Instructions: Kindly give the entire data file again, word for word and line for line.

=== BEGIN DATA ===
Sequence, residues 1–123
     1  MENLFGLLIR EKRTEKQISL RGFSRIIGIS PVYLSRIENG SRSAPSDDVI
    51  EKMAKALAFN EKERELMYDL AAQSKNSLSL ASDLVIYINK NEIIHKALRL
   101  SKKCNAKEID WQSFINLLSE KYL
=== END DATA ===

Sequence, residues 1–123
     1  MENLFGLLIR EKRTEKQISL RGFSRIIGIS PVYLSRIENG SRSAPSDDVI
    51  EKMAKALAFN EKERELMYDL AAQSKNSLSL ASDLVIYINK NEIIHKALRL
   101  SKKCNAKEID WQSFINLLSE KYL